Israeli ambassador to Britain Daniel Taub has demanded an official apology today after the Sunday Times published a cartoon portraying Israeli Prime Minister Benjamin Netanyahu building a wall on the bodies of Palestinians, insisting it was “classical anti-Semitism.”
Several Israeli officials and international Jewish groups are up in arms about the cartoon, with Knesset Speaker Reuven Rivlin saying that the cartoon “blatantly crossed the line of freedom of expression.” Yuli Edelstein, Israel’s Public Affairs Minister, insisted that there was no official response planned. Ambassador Taub appeared to have other ideas, however, and issued his own statement shortly thereafter, adding “we’re not going to let this stand.”
The Anti-Defamation League (ADL) claimed that the cartoon amounted to blood libel because blood was shown in the cartoon, while the European Jewish Congress condemned it as “sickening,” noting that Netanyahu had won an election just days before and claiming that such a portrayal of the Israeli Prime Minister violates the EU’s “working definition of antisemitism.”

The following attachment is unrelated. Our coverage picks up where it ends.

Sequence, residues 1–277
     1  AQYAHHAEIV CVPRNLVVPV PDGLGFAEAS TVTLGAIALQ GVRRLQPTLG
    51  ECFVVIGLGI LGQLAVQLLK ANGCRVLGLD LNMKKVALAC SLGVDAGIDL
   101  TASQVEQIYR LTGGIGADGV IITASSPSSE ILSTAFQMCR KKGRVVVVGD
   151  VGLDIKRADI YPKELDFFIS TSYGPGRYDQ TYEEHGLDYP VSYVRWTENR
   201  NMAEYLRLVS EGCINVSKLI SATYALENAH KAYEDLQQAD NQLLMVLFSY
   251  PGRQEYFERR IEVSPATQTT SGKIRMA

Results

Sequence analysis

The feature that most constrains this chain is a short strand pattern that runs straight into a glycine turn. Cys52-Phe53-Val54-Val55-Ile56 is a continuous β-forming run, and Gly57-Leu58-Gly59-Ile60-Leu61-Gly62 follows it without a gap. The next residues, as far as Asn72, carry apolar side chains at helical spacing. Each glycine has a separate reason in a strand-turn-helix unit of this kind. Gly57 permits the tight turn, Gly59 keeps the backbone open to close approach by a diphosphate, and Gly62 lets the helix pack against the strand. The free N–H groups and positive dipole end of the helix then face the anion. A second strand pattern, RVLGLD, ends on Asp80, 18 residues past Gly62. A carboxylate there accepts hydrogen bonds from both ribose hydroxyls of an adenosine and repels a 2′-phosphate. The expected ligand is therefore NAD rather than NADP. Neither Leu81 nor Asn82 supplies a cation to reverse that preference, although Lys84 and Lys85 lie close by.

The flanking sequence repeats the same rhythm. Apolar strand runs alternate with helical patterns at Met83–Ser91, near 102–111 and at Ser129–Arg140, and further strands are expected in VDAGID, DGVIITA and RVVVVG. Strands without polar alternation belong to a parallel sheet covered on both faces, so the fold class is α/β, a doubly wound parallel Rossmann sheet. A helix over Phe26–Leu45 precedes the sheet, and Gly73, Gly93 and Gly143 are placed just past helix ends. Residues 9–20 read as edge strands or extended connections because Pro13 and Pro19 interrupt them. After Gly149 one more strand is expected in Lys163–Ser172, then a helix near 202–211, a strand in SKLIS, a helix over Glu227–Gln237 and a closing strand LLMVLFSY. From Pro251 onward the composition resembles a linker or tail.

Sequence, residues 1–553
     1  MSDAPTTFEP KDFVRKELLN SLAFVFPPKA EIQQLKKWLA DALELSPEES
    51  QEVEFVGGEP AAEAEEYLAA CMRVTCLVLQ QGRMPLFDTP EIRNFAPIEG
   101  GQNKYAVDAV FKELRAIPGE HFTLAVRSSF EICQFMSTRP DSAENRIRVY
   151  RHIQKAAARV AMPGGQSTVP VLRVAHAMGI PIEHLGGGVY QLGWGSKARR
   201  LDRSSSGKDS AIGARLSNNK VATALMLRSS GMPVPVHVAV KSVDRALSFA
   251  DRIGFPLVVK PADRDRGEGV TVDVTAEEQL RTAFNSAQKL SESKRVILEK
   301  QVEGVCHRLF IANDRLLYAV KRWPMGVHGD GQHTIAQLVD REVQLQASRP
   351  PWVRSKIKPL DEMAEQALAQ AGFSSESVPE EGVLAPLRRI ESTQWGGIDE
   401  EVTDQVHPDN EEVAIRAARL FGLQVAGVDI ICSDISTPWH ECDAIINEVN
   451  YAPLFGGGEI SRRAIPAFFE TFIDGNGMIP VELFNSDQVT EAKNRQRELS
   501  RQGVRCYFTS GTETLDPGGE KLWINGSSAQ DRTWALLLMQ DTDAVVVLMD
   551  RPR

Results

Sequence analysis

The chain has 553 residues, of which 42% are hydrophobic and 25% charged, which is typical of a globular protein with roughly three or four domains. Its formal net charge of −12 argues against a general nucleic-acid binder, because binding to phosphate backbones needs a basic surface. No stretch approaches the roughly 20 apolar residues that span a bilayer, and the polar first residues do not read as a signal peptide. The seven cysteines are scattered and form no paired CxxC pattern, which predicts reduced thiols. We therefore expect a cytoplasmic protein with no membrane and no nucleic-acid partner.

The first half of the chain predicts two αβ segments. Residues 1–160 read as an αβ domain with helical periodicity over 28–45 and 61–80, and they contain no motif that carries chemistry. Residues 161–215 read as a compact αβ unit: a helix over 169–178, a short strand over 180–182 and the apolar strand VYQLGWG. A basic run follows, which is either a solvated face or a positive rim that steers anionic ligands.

Israeli newspaper Haaretz poked fun at the outrage, insisting that Netanyahu is in and of himself neither a Jewish symbol nor the global representative of the Jews, and insisting that the claims of “blood libel” were silly and a distortion of history.
And while Sunday Times owner Rupert Murdoch condemned the cartoon as well, and insisted that it should never have been allowed, the paper’s editor defended the cartoon, saying that specifically targeting one Israeli official didn’t amount to anti-Semitism. Needless to say, much of the Israeli right and their supporters strongly disagree.
Cartoonist Gerald Scarfe, who has been with the Sunday Times for 44 years, insisted he “regrets” that the cartoon was published on Holocaust Memorial Day, saying he had no idea that would happen.